One of the joys of being a parent these days is the popularity of Lego, that imaginative toy full of possibilities. One of the sadnesses of parenting these days are the Lego kits that are hyper-specific and full of single-use pieces. I much prefer the old school lego: blocks to be moved around in an endless array of settings to make exciting scenes (highways, castles, dinosaurs, whatever). In my day (dang I can sound old sometimes!) I could make a car with Lego without the special pieces of today, just using those old block shaped pieces and the car could be van one minute and a Lambo the next. Lego is losing its creative power and capacity to inflame imagination and spark new little engineering minds as it more and more carefully designs its sets (I get that it must do this because we all already have the blocks but it still weakens the brand and my joy in it) and I don’t like it. 

I often find the same can be true of the Christian faith: it was born with beautiful creative power and possibility and it can lose these traits over time. It can be fossilized, the risk is that over time the faith can be rendered flat, over-specific, one-size-fits all, with heavy/burdensome rules. Just as Lego is meant to be imaginative, Christianity is meant to be a living faith, always has been, and thus we must push back against fossilization. If the plethora of denominations teaches us nothing it else, it teaches us that Christianity is not one size fits all. From the beginning people have been encountering God and trying to fit the pieces together for their own lives and families and communities. Paul, Peter, the early church, they were experimenting, experiencing, walking a journey with surprises and wonders. They were finding blocks and organizing them creatively.

Too often today we think we know the whole path, how all the blocks fit together and where every block belongs. We know all the rules and truths, learn them and that’s it, break them, question them, deviate from them? There is no room for that, the pieces fit exactly where they fit, end of story (some story I say as I kick the Lego and leave the room). Maybe there is someone on our shoulder paralyzing our creative impulses, someone we do not want to fail or disappoint. I suspect more often we are not open to the Spirit of God working in us and through us because we are worried about what might happen or perhaps we feel foolish for leaning into the mysterious side of life as people living in a secular world.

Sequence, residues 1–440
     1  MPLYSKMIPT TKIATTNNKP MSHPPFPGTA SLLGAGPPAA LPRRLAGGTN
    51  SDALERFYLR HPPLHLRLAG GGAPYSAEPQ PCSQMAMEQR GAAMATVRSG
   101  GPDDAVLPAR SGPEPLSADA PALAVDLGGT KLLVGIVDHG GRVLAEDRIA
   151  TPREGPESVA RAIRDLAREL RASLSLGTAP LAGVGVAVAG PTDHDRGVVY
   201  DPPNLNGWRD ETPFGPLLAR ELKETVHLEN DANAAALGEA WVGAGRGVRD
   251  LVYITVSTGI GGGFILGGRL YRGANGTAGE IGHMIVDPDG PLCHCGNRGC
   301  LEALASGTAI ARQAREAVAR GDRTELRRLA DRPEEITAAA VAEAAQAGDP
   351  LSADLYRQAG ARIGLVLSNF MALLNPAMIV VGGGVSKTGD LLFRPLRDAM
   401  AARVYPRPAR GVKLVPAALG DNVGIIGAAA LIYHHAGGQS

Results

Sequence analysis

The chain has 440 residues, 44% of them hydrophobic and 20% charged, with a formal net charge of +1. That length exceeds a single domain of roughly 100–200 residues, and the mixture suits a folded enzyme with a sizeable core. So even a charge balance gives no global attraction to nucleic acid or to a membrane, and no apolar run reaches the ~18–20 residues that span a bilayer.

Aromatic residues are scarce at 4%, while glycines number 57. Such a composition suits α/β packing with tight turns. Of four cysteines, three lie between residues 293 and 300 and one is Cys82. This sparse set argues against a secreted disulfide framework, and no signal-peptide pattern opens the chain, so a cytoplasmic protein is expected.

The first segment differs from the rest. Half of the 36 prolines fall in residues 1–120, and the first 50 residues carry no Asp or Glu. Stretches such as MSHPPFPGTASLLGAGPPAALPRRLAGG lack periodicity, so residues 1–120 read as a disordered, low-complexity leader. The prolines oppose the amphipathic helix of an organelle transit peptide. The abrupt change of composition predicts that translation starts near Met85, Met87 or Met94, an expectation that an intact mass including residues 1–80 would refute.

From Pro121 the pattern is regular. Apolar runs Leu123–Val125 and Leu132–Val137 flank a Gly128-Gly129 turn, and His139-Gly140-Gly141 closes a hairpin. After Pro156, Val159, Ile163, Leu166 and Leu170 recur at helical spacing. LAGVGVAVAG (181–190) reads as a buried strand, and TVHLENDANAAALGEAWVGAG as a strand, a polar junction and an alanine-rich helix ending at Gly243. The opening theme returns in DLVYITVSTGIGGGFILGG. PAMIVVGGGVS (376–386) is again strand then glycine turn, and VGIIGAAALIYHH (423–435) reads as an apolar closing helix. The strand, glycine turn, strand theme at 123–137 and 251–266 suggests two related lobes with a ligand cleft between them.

One of the great joys in my faith life has been the times when I experience the presence of God, or a new idea, or maybe an old idea with a new emphasis, like a Lego block that was lost under the bed. God shows it to me and then I can pick it up, look at it carefully, imagine where it might fit and then try it. I can move it around to different places, and try employing it in different ways. I am not stuck with man-made instructions of how it all has to fit together. None of this is possible if I am stuck with what I have received from the “authorities” of the faith. And yet at the end of the day I am responsible for my faith—and you for yours—and so we must experiment, we must be open to new ideas and phrases and vocabularies, we must be true and honest and admit when something is unbelievable to us or simply has no meaningful application. We do well to embrace the older freer, mysterious and awe filled religion, powered by the very Spirit of God.

When was the last time you got excited by an idea or experience in faith? When is the last time you tried to move a block from one place to another? I encourage you to try it, the good thing with Lego blocks is you can always rebuild what was there, and the good thing about God is that he is merciful and forgiving so if you discover you have made a mistake, he will catch you. 

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